‘We have learned from our mistakes’: Labor leader Repat’s regrets as parties spend money

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Peter Malinauskas has sought to distance himself from Labor’s closure of the Repatriation General Hospital – which closed when he held the health portfolio – while conceding it was the ‘wrong’ thing to do” and insisting that his party has learned from past “mistakes”.

It came as the Leader of the Opposition today pledged to honor Steven Marshall’s pledge to cut public school tuition fees by $100 per student over the next two years – after that the Prime Minister said the rebate had already been passed by Cabinet and budgeted.

The government’s election campaign focused significantly, if not clumsily, on attacking both the Labor leader’s lack of experience and his record in government – with particular emphasis on the fact that the Repat closed under his brief tenure as Minister of Health in the final days of the Weatherill administration. .

The “reactivation” of the site as a health center is a major selling point of the Liberal campaign, particularly in the battlefield siege of Elder.

But responding to the frequent claim that he had ‘closed the Repat’, Malinauskas said today: ‘Well, that’s a misrepresentation, isn’t it?

“I wasn’t even in parliament when the decision was made by Jack Snelling and Jay Weatherill to close the Repat,” he told reporters.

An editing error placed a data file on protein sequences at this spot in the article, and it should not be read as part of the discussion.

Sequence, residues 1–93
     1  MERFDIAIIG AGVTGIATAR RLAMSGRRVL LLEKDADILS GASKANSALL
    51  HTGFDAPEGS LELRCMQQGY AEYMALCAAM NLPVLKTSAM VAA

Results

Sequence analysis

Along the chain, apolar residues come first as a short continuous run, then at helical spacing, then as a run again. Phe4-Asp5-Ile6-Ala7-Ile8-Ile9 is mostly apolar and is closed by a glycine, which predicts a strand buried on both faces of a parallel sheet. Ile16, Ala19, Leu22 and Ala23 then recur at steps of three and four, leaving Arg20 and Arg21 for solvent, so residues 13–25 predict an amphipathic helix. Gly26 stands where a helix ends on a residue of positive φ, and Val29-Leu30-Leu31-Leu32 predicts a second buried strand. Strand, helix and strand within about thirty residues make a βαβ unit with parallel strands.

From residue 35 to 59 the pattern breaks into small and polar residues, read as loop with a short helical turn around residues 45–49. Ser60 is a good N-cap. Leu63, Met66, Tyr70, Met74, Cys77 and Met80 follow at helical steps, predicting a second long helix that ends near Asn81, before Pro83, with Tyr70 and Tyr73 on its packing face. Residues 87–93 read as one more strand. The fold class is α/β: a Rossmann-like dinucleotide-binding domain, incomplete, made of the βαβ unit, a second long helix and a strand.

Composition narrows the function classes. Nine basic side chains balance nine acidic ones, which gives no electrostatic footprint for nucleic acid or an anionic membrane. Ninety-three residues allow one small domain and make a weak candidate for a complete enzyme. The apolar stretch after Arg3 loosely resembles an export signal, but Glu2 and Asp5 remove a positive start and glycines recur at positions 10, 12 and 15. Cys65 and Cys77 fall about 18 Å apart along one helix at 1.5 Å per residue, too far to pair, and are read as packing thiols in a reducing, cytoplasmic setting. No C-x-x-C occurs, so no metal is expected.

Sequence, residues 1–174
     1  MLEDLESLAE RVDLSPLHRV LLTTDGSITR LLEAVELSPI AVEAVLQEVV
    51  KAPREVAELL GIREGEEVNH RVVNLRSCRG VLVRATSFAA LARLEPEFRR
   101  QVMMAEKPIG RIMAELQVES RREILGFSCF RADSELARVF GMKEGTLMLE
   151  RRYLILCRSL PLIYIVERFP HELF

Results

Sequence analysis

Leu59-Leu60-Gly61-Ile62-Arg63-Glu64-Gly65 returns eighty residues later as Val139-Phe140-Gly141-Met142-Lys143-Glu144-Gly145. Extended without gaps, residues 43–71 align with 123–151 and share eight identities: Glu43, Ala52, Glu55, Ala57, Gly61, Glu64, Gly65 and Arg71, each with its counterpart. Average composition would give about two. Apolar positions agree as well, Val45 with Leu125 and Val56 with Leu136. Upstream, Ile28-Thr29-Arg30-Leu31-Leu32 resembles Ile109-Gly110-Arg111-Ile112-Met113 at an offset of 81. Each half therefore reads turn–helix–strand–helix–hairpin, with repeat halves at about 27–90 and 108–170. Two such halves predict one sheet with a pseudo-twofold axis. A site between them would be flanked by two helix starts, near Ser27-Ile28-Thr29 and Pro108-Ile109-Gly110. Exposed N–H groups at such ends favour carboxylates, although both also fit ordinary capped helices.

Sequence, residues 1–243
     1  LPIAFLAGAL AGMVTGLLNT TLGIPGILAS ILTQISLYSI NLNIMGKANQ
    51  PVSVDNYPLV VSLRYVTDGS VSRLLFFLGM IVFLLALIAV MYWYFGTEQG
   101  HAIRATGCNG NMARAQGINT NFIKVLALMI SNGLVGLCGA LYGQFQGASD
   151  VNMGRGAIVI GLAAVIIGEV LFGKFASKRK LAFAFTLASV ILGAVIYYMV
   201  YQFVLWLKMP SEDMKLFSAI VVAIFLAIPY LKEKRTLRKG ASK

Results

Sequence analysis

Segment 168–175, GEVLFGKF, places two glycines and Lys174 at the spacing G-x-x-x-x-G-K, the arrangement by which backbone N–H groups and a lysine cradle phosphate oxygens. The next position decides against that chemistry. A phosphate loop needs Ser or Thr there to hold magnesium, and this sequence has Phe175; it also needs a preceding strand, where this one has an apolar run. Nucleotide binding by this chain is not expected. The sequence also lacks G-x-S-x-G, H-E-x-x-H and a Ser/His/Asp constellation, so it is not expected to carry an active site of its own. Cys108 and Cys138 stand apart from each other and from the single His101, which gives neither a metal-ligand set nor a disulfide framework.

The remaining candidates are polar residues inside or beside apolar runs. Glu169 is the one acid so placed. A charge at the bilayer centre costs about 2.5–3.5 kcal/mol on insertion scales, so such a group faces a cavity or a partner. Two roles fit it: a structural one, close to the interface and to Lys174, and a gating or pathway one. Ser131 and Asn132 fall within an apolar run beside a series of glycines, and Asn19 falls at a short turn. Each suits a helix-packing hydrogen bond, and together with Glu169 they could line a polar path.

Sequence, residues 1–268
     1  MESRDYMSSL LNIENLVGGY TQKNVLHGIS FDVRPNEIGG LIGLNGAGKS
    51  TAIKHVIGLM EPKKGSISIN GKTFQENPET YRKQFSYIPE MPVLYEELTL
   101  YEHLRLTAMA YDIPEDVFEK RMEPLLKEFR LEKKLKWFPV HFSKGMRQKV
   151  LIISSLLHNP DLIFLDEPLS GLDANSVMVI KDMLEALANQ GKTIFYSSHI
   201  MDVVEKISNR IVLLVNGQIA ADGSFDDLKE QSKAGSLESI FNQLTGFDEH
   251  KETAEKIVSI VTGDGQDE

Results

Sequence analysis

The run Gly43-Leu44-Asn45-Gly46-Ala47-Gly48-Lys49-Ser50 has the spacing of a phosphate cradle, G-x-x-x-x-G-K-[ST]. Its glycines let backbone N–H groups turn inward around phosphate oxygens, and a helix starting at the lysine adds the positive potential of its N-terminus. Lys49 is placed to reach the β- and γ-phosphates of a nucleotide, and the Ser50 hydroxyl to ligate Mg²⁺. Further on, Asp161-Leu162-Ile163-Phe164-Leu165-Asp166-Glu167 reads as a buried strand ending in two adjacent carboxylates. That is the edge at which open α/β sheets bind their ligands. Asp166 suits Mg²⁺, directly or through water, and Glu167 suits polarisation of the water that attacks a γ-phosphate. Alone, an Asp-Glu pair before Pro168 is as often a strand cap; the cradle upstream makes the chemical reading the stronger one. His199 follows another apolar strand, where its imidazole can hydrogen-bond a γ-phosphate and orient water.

“The decision was made even before I was in parliament…the Liberal Party is engaged in cute politics here and that’s their prerogative.”

He insisted that ‘the reason they are so completely obsessed with criticizing us is because they have no politics of their own’, arguing that the Liberals were doing their best to seek to discredit the past rather than talking about the future”.

But he was equally happy to discredit his party’s past, reiterating his 2019 statement that “I think closing Repat was a mistake”.

“It was the wrong thing to do,” he said today.

In stark contrast to his comments as health minister on the day the facility closed in late 2017, when he said, “It’s something you don’t necessarily want to do, but you know that it is the right thing to do to realize a new chapter and new opportunities.

Asked today why people should believe him now when he admits he was wrong then, the Labor leader said: ‘Because political parties learn from their mistakes… and I think South Australians appreciate honesty.”

“I think the old Labor government did a lot of good, but it also did badly – and you can’t be proud of what you did right if you can’t be honest and what you’re wrong about. done,” he said.

“And I would honestly and squarely put the Repat in the ‘mistake’ category.”

While much of the Marshall campaign has sought to criticize Labor and its leader, the Prime Minister today embarked on a more conventional election ‘money splash’ – cutting $100 per pupil from public school material and service costs, but only for the next two years.

It cost $24 million over that time, but Marshall says “it’s going to come out of our existing education budget, so [there’s] no impact on the costs of the electoral campaign”.

Steven Marshall talks about schooling with the Slater family this morning. Photo: Tom Richardson/InDaily

Asked if that meant reallocating funds in the mid-year budget review or increasing the published budget for education, he replied: “We have a very large budget and a growing budget. for education.”